U.S. inflation is still below the central bank's comfort levels and price rises for individual goods or services does not signal broader price pressures are around the corner, a top Federal Reserve policymaker said on Tuesday.

Dennis Lockhart, president of the Federal Reserve Bank of Atlanta, said the central bank cannot address rises in the cost of living, but needs to ensure prices overall remain stable.

For the moment, inflation, properly defined, is tame, in my view. And the rise of individual prices does not signal incipient inflation, Lockhart told the Calhoun County Chamber of Commerce.

Underlying inflation is currently below the level that I would define as price stability, he said.

Lockhart said he expects core inflation to rise gradually, to within the Fed's informal 2 percent target range by 2013.

Some analysts have blamed the Fed's easy money policy for flooding the global economy with money and helping to drive prices for food and other commodities higher.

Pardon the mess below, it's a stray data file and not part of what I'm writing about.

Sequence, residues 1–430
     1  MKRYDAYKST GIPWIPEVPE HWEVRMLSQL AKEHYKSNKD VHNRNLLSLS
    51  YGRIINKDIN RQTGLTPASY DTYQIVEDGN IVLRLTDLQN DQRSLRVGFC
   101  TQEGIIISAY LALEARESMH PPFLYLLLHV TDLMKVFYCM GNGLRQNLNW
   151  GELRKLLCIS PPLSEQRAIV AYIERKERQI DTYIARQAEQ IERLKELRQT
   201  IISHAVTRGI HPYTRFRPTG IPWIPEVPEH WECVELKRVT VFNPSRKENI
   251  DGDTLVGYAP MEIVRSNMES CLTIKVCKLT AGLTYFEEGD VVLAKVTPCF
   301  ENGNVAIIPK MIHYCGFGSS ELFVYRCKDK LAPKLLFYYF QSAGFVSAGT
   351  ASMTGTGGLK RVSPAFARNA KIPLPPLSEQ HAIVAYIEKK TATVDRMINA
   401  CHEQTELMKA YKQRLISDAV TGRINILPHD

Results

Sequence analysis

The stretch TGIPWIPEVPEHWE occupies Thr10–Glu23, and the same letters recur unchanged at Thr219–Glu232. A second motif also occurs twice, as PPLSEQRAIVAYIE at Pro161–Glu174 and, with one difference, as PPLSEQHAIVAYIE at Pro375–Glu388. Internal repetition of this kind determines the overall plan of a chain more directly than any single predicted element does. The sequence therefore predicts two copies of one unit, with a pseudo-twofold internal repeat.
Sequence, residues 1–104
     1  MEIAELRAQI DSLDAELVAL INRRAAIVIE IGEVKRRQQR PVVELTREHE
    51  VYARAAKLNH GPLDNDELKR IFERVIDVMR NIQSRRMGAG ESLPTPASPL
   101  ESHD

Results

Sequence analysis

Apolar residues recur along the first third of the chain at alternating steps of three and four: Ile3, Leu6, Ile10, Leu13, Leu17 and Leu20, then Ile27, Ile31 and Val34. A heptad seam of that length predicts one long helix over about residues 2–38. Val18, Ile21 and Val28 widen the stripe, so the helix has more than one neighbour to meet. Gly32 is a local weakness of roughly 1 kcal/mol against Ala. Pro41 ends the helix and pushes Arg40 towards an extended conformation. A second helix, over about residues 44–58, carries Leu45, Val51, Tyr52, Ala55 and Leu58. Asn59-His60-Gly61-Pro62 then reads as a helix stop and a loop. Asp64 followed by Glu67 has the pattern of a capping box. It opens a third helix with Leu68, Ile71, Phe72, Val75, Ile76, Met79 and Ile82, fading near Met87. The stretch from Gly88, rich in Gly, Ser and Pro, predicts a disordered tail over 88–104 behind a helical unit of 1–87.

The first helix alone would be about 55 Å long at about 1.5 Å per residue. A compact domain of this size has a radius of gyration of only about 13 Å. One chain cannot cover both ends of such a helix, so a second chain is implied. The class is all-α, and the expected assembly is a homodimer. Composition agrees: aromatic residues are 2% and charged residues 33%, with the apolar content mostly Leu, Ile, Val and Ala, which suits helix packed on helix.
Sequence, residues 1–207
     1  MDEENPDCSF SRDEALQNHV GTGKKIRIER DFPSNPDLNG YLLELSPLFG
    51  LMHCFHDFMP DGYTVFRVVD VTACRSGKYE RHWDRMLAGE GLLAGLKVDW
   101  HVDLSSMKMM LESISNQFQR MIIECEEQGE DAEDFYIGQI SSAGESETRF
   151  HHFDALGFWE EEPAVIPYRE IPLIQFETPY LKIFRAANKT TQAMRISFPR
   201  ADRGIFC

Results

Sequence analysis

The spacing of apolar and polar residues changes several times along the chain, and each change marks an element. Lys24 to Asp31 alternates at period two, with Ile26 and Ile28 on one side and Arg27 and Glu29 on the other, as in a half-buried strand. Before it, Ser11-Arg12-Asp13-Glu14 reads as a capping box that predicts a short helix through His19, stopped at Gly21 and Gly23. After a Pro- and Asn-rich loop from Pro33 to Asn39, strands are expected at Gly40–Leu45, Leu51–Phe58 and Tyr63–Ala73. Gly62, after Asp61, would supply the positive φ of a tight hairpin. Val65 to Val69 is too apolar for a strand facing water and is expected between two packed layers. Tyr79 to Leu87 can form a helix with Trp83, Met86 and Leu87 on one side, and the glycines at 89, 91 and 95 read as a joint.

While headline inflation has picked up in the United States, core inflation has held near a five-decade low.

Lockhart drew a clear distinction between inflation -- which affects all prices -- and increases in the cost of living due to rises in individual prices.

The Fed, like every other central bank, is powerless to prevent fluctuations in the cost of living and increases of individual prices. We do not produce oil. Nor do we grow food or provide health care, he said.

Inflation below its comfort level was a reason the Fed embarked on a second round of bond buying in November. Lockhart said the $600 billion program is already working.

Over the last months of the year, in anticipation of the policy move, the probability of deflation, as measured by Treasury Inflation-Protected Securities (TIPS) began to decline, fears of a double-dip recession started to fade, and equity prices resumed their climb, he said.

Lockhart said it is unlikely jobs growth will be strong enough in 2011 to generate quick improvement.

At its January 27 meeting, the Fed said high unemployment still justified its bond-buying plan even though the economy has shown some signs of improvement.

Regional Fed presidents rotate voting on monetary policy. Lockhart will next vote in 2012. Lockhart's view was in line with his previous comments.

He said he expects a moderate rate of growth in 2011, but reiterated that he sees the recovery to be fitful.

(Reporting by Kristina Cooke; Editing by Neil Stempleman)